@Akomicsart Instagram screenshot

Fashion brand H&M raised the ire of many when it released a racist ad of a young black boy in a green hoodie with “Coolest Monkey in the Jungle” inscribed on the front. The ad sparked immediate backlash on social media and prompted boycotts of the Swedish retailer. Even one of its celebrity spokesmen, the Weeknd, cut ties with the brand, saying that he was “deeply offended.” The outrage worked and H&M pulled the ad and stopped selling the product.

Rightfully, black people on social media considered the harm the ad could cause to the self-esteem of the boy featured in it. Rallying around him, users created various images of the boy with a crown on his head and “royalty” or “king” inscribed over the offending phrase.

The sentiment is lovely. We should be concerned with the impact the ad might have on him (and all black children), and we should want to build him up. But we can build up this young boy without reinforcing hierarchies among classes of people. The opposite of “monkey” isn’t “royalty”; it’s human.

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For centuries, black people in America have been made to feel their lack of humanity in ways that this deplorable H&M ad has highlighted. Dehumanized by slavery, Jim Crow, mass incarceration and more, we’ve sought ways to restore our own humanity and sense of self. A popular way to combat our dehumanization is with dreams of being descendants of kings and queens in Africa.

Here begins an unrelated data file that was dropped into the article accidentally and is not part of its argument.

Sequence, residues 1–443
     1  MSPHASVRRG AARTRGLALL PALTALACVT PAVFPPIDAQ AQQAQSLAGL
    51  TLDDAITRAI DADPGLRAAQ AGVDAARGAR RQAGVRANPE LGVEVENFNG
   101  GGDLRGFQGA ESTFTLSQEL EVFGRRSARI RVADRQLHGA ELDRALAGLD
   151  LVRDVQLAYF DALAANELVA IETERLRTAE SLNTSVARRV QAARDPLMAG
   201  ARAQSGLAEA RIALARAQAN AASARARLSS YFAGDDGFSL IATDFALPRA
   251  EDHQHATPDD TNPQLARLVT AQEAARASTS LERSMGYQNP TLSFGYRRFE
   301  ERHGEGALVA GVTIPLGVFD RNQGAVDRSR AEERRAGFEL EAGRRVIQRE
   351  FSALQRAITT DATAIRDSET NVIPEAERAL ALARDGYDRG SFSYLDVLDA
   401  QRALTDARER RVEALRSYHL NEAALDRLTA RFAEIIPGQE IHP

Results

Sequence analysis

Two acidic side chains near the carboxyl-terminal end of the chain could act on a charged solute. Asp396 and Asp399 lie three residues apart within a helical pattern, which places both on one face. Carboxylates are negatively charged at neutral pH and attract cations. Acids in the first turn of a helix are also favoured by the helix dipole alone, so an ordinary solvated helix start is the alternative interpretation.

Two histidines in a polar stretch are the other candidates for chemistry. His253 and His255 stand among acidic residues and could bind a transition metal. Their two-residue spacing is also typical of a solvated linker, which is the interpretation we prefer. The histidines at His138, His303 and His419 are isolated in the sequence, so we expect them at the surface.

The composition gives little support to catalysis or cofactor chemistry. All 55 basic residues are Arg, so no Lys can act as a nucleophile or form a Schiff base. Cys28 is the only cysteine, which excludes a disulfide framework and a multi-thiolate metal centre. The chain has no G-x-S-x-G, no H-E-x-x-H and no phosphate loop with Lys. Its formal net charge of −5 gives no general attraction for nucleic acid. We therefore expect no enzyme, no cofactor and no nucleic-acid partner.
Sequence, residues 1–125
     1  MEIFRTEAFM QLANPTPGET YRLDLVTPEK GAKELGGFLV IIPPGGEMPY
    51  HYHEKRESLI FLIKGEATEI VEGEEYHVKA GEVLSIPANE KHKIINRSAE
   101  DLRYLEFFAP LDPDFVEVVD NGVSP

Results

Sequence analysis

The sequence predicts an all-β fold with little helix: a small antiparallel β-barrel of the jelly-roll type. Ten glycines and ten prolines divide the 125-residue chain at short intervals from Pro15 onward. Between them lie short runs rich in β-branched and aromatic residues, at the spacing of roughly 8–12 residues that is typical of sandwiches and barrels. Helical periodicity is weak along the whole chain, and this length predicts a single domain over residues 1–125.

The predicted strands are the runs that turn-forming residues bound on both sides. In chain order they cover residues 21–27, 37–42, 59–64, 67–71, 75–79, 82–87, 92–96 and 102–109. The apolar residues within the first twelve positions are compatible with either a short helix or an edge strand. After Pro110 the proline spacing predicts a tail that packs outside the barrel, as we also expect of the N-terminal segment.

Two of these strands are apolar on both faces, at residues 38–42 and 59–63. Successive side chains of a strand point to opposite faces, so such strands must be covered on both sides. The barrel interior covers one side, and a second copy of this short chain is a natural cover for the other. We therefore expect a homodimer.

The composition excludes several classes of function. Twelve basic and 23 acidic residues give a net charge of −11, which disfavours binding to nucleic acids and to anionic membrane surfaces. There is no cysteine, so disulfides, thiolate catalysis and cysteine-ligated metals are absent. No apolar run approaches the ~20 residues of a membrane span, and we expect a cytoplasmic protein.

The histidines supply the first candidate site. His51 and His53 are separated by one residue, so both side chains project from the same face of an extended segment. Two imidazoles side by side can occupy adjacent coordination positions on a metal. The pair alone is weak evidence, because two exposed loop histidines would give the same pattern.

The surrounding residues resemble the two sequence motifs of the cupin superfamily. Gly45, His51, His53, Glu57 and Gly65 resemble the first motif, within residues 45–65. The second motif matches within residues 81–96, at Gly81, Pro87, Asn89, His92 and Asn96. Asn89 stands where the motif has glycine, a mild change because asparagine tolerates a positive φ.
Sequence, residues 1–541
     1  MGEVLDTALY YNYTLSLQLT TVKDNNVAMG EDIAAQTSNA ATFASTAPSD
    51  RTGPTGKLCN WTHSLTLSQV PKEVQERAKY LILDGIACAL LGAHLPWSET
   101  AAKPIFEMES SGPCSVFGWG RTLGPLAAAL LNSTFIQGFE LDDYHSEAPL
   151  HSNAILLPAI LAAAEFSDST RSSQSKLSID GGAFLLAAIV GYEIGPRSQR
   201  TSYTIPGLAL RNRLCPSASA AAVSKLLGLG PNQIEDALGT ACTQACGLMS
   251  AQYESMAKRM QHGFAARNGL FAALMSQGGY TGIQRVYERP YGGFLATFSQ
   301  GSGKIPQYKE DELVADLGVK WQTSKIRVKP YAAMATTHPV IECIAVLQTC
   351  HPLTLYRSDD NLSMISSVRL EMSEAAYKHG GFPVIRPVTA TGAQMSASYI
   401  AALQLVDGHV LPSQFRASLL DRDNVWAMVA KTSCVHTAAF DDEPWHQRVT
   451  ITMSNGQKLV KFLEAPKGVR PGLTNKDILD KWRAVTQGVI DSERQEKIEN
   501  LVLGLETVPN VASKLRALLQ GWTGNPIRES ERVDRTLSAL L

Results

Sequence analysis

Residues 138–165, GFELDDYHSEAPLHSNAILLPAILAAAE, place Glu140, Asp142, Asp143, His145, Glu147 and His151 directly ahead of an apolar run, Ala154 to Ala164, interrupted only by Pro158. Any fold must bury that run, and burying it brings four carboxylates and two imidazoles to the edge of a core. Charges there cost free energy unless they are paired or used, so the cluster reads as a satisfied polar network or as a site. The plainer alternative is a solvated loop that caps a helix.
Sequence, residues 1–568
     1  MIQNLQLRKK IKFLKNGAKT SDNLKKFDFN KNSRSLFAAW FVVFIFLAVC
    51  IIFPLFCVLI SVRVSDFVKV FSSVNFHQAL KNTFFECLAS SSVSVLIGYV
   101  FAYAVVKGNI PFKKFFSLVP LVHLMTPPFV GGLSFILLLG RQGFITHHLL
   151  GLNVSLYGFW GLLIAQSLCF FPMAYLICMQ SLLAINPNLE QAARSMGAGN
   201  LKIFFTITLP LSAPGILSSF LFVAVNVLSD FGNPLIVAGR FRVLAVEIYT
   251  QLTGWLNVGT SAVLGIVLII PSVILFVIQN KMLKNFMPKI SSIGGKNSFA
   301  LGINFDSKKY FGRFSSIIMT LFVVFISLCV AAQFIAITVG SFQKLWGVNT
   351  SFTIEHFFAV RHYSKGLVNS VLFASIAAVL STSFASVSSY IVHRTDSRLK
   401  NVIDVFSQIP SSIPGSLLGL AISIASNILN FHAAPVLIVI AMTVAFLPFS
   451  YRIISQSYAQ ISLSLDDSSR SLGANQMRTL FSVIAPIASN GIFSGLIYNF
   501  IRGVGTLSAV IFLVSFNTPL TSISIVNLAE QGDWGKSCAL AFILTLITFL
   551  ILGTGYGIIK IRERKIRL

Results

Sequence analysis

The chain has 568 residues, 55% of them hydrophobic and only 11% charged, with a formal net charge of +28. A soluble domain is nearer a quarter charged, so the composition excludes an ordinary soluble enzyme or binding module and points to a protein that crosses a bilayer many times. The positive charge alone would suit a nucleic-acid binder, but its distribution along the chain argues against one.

In some Hotepish memes, our West African roots stretch all the way back to ancient Egypt, making us the heirs to the brilliance of pyramids, philosophy, math and more. The world recognizes ancient Egyptians as worthy, just as the world recognizes royals as worthy. When you’ve been fed lies of worthlessness for so long, it is understandable to desire an association with what the world deems worthy.

But a major part of decolonizing our minds must be to reject out of hand how we have been socialized to determine worth. Wealth, power and status ought not be our markers of humanity and value. Instead, decolonization requires us to understand that human beings are inherently worthy of personhood, dignity, decency and respect. This is our birthright.

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The young model pictured deserved to be in an ad that allowed him humanity and the protection of childhood simply because he is a human child. H&M failed him by erasing that fact. By crowning him a king in response, all we do is reinforce that it’s OK for certain kinds of folks to be treated as less than people.

By all means, let’s lift this child up. Tell him that he’s beautiful—not just because he’s an adorable little kid who has clearly mastered how to serve face already but simply because he exists. Tell him that he’s worthy. Tell him that he deserves love, respect and dignity just because he’s human.

The sooner we break the chains that come with valuing people by class, the sooner we can all experience true freedom.